Monday, January 31, 2005
Piggly Wiggly is taking an important step to that not-too-distant future technology as it announces the success of its “pay-by-touch” machines. Customers can pay for their groceries via fingerprint, which is electronically tied to their financial accounts. The system is incredibly safe—there’s even a heat sensor on the device too prevent fraud with photocopies of prints—and customers are singing its praises. The chain is currently expanding the realm of the service from just four stores to all of its outlets. This service, by the way, is free.
Just another example of how the free market generates what people want. The consumer is king.
Thursday, January 27, 2005
Let’s suppose you’re the president of a successful high-tech company. You’ve worked hard and brought the firm to a new level of success. You charge lower prices and offer better products than you competitors. You constantly push the boundaries of the technology to bring the best bargain for your customers. You led the company to the heights of its success and want to bring to the next level.
To pull it off, you need capital and you need it cheap. You need a new customer base, one to build on. You need employees familiar with the new equipment and customers. There’s one way to get all of this in one fell swoop and that’s a merger.
It’s no wonder why mergers garner so much attention in the business world. And two major mergers are making headlines, but the content rarely alludes to the great new potential about to be unleashed. It’s the legal issues.
SBC Communications is looking to buy AT&T and China’s Lenovo Group has plans to buy IBM’s personal computer division. In both cases, the Justice Department will probably allow the merger to go through, but that doesn’t mean there’s no political lunacy in the stories.
Back in 1997, then-FCC Chairman Reed Hundt shut down any chance of a merger between the two companies by simply calling it “unthinkable.”
Today, three Republicans are wrongfully concerned that IBM capital and technology will move overseas to China and want the review process extended so defend-orientated government agencies can lend their views.
Mergers are wonderful business tools. When one company mergers with another, management can take the best of both and serve the economy even better than if both were working independently. Politicizing this process never yields benefits. At best, it slows down economic progress through mountains of paperwork and political misinformation. At worst, it flat out prevents businesses from providing more for the economy. Paradoxically, there’s more distrust of big business than the much, much larger Big Government. If only the Justice Department would break up themselves.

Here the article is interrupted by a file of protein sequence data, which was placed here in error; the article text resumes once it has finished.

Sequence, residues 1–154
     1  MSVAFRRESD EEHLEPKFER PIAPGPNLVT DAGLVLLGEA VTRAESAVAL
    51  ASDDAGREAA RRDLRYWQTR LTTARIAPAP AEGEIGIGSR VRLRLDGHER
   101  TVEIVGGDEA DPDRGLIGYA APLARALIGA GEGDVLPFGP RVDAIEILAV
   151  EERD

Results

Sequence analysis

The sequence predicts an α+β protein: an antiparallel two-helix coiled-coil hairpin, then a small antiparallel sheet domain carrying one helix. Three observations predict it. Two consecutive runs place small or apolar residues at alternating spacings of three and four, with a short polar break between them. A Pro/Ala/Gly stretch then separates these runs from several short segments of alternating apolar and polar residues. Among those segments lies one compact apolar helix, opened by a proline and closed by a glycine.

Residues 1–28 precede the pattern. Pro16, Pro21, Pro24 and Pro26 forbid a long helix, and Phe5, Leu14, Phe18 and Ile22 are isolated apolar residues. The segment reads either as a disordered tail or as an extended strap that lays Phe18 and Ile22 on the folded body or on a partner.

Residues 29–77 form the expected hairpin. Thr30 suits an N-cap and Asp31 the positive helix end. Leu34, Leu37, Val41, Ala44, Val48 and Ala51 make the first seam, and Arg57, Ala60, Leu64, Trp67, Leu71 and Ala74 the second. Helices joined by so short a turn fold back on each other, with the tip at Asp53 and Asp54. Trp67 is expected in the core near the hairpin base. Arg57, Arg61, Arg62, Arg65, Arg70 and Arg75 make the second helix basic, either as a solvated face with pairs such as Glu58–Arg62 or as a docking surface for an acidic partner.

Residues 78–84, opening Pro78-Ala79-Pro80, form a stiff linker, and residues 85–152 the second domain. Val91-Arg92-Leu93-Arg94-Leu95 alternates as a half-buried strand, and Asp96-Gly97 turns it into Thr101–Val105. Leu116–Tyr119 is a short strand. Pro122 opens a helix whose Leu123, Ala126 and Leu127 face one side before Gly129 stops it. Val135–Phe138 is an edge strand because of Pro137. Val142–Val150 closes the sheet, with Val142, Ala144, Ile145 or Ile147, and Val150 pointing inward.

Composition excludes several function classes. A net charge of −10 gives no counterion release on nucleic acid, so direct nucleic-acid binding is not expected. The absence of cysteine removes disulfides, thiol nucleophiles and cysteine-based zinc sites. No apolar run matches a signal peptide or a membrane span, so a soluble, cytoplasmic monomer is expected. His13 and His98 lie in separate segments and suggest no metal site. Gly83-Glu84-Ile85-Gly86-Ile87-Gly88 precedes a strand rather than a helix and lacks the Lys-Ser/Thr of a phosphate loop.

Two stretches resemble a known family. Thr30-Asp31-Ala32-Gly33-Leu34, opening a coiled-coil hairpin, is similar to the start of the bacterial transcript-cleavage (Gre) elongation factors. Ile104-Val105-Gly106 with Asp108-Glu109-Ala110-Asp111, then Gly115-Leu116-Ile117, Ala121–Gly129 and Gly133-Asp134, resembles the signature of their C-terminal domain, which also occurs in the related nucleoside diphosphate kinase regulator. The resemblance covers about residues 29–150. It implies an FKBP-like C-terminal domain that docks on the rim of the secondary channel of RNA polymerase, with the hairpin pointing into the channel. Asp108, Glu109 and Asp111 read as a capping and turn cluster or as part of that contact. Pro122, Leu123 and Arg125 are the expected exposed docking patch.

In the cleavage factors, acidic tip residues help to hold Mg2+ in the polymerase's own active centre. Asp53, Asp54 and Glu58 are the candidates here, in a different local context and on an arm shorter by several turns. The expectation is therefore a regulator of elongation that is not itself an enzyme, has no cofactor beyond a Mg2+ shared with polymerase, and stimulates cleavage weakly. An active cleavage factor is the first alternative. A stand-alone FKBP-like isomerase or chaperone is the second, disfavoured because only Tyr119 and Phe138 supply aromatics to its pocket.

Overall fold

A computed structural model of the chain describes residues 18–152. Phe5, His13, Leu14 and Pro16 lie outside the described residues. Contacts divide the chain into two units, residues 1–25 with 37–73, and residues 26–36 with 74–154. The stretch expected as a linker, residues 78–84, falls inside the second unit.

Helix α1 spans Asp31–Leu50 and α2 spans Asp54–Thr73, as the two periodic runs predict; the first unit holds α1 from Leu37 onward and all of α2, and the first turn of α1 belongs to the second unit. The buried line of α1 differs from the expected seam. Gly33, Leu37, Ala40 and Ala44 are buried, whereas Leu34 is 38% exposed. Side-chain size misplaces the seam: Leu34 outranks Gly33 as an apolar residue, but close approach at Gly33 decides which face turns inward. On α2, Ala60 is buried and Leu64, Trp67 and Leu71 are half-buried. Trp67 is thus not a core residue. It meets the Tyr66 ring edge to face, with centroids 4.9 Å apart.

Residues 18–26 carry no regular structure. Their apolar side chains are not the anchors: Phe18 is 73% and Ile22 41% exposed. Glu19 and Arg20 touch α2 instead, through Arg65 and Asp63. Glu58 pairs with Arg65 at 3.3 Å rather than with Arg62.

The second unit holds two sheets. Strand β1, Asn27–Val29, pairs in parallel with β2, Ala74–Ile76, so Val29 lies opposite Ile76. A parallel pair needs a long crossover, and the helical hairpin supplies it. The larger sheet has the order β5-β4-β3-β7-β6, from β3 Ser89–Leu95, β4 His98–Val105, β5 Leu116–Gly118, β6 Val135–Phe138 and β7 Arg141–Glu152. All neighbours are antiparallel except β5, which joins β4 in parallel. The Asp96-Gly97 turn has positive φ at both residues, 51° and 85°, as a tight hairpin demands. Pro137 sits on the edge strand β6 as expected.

Wednesday, January 26, 2005
Months ago, I repeated the findings from a Quad City Times article that Iowa was number one in the country for meth incidents, mostly among teens. And like any “scary” statistic, this one grew horns, legs and big, bulging eyes and waddled over to the government.
Iowa’s two senators are pushing for a bill that would force pharmacies to keep decongestants behind the counter because these same medicines can be used to create meth—you know, Satan in a syringe.
Not only will the law make it harder to sell the products and piss off their customers, it won’t do a damn thing in the so-called “War on Drugs.” The same creative, entrepreneurial spirit that generated the television, modern aspirin and frozen food will fashion an alternative. It may be meth without decongestants or it could be a completely new substance altogether. That’s how crack and ecstasy got started.
Parents don’t like their teenagers and college kids taking drugs because they claim they’re too inexperienced, yet these are the same people who are concocting amazing new ways to make complicated substances. If the government would stop changing the recipe, these minds would have the time to work on other things: making plutonium from common household items.
Monday, January 24, 2005
Easily his most political novel, Crichton attacks the theory of global warming, weaving scientific evidence with an all-too-real fictional story about eco-terrorists sabotaging the environment in order to push the global warming doctrine.
I loved this book and I torn through its 600 pages in a couple of days. It’s a fast, informative read (like so much of his other work) and encapsulates libertarian criticisms of politics.